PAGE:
How to Make a Tom Collins the Right Way

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For decades, vodka was the "it" spirit. While there are a galaxy of flavored vodkas available, discerning drinkers have recently been turning to the original flavored vodka: gin.

Now that modern drinkers no longer see gin as something to fear (largely thanks to cheap Windex-flavored gin and long-oxidized vermouth bottles ruining martinis everywhere), older cousins of gin have become popular in the mixology set. Some outfits have brought back genever, a Dutch spirit that's a malty, sweeter ancestor of today's London Dry gin.

See also: Sloe Gin: A Tart, Historical Liqueur That's Making a Comeback

In between genever and London Dry, there's Old Tom gin. It's a little sweet, but not as sweet as genever. It also doesn't have as much juniper flavor as your average London Dry, making it a great gateway for people who aren't used to a London Dry's botanical profile.

In the late 19th Century, if you ordered gin in the United States, you were almost certainly going to get Old Tom. And back then, the Collins was a very popular drink category. You've almost certainly had a Tom Collins if you've spent any time in a bar; I know I cut my drinking teeth on them many moons ago.

The more attentive readers out there have already noticed the connection. If you were ordering a gin Collins, it was surely with Old Tom gin, therefore you'd order a Tom Collins.

Your average dive bar Tom Collins is a somewhat grim affair, with neon yellow sour mix from the soda gun and cheap well gin. As with so many other simple cocktails, paying attention to simple details turns the drink transcendent.

First, if you're still using bottled sour mix at home, stop that right this instant. Pour it down the drain, and go get some real lemons and make some simple syrup.

Second, go get a bottle of Old Tom gin. I recently saw that Tanqueray has released a limited edition Old Tom as a companion to their incredible Malacca gin; if the Old Tom is even half as good as the Malacca, I recommend you buy a train load of it post-haste. You'll be glad you did.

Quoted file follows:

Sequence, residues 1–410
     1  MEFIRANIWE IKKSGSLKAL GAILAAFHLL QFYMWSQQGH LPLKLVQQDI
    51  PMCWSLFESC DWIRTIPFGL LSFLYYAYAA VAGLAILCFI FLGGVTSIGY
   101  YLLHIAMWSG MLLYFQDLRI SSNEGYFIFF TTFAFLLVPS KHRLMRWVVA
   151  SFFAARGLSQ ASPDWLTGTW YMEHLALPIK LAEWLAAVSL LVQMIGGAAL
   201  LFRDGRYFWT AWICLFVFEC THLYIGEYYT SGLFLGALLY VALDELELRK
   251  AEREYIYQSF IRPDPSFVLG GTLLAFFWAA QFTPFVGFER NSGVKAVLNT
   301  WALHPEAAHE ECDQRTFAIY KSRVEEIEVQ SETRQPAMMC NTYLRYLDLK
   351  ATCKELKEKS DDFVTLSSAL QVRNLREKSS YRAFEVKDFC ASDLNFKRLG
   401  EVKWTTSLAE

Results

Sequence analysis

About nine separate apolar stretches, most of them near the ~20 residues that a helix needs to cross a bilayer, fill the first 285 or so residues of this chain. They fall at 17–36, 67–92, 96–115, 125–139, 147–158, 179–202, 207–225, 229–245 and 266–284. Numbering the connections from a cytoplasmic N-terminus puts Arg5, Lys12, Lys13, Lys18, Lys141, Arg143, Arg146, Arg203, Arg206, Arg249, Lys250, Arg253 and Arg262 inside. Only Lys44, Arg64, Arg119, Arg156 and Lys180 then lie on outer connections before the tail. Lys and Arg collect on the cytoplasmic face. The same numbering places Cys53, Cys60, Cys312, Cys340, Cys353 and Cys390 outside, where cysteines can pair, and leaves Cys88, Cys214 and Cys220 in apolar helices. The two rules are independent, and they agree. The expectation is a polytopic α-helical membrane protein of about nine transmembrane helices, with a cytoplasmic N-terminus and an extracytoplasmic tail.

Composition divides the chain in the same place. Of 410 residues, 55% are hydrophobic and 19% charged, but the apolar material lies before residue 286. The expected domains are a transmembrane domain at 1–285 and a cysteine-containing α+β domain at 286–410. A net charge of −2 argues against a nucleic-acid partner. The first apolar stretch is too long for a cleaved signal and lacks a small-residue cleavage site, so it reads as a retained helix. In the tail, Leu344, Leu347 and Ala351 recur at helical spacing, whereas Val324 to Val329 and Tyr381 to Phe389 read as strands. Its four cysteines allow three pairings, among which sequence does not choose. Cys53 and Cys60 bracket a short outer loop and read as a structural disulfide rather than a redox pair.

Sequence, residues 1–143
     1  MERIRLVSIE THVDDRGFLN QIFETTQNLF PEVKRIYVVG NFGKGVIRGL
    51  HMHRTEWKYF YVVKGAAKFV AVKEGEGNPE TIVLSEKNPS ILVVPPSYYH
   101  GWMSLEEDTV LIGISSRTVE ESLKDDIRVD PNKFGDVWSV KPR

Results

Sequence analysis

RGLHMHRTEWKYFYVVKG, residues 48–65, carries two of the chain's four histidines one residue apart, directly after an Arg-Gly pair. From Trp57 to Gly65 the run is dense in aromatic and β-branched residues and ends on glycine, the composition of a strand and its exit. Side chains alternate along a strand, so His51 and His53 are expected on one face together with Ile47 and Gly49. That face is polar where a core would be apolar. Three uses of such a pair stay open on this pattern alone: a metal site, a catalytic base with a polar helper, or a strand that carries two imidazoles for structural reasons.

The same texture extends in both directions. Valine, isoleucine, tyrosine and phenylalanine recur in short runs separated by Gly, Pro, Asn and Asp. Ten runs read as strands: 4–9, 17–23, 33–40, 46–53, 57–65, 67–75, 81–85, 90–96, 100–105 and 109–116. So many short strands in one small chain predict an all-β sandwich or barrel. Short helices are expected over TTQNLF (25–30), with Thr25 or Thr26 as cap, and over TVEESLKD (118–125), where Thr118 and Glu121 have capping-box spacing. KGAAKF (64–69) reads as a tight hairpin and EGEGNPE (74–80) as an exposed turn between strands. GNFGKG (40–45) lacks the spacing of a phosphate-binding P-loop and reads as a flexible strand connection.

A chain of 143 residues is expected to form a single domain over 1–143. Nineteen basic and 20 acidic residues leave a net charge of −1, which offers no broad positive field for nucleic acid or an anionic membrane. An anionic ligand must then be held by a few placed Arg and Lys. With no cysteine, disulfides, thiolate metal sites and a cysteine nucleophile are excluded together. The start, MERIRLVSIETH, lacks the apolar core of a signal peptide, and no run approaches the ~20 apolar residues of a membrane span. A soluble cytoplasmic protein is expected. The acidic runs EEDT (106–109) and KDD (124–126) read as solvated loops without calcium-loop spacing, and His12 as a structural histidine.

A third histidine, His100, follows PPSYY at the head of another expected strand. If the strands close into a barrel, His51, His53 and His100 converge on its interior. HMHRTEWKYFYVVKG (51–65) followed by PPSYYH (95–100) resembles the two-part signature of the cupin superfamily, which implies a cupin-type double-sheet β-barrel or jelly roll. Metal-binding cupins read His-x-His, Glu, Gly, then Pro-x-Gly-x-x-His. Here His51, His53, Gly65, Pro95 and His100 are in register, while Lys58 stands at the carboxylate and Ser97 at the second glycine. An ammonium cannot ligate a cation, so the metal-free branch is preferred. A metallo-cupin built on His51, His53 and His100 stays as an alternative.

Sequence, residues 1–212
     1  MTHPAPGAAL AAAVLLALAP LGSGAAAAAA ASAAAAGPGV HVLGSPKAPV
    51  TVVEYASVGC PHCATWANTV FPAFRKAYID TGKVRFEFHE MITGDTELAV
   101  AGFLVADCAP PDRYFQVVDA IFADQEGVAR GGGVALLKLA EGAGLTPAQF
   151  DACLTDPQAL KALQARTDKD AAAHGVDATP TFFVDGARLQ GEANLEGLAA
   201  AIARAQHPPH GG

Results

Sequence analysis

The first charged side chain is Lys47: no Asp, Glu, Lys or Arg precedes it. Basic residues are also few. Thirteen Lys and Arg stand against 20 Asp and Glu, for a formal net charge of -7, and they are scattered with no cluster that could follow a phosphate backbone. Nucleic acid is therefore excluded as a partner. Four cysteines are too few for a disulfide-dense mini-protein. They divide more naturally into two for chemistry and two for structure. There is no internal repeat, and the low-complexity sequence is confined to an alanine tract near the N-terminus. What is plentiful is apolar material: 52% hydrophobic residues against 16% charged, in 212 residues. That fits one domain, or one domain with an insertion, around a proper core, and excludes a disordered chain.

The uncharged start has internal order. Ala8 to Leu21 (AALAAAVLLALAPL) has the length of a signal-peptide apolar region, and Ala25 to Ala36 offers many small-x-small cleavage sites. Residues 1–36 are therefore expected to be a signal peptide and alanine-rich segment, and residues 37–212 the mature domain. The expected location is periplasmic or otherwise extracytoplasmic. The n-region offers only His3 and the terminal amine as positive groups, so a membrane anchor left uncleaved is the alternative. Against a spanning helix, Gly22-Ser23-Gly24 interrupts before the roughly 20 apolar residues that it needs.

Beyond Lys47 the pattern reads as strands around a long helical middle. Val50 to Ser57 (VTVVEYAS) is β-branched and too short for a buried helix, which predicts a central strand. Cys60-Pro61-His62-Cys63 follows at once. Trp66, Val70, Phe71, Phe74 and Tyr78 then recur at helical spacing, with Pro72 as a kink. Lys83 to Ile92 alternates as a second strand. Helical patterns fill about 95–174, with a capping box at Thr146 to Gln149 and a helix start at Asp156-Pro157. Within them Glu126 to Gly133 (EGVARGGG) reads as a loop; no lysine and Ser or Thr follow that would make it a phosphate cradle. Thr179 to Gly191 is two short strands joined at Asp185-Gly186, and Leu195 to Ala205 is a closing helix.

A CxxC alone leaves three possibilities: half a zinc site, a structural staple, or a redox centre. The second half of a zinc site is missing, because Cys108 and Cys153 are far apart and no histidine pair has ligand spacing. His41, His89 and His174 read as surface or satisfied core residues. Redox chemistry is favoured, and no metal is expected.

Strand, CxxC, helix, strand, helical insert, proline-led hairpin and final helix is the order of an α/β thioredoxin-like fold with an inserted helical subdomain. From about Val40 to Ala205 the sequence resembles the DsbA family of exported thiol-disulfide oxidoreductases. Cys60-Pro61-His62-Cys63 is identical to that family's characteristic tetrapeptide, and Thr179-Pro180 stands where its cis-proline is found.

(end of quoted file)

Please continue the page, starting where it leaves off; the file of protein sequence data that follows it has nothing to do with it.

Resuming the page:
When building your drink, remember Old Tom is sweeter than London Dry gin. Your average Tom Collins is 2 parts gin to 1 part each of lemon and sugar. If you make that with Old Tom, your drink is going to come out unpalatably sweet. Cut the sugar in half, adjusting the proportions to taste depending on what bottling of Old Tom you've picked up.

I've seen a number of recipes for a Tom Collins call for the non-sparkling ingredients to be shaken together with ice, as one does with a great many other cocktails. Don't bother. Shaking introduces water through the ice melting. Since you're already adding sparkling water, the only thing that shaking the drink will do is reduce the efficacy of the bubbles.

Old-Style Tom Collins Different bottlings of Old Tom gin can have different levels of sweetness; start here and adjust the simple syrup amount to your preference. 2 ounces Old Tom gin 1/2 ounce simple syrup 1 ounce lemon juice Soda water to fill

Add gin, syrup, and lemon juice to a Collins glass filled with ice. Stir gently to combine. Top with soda water, and garnish with a lemon wedge.

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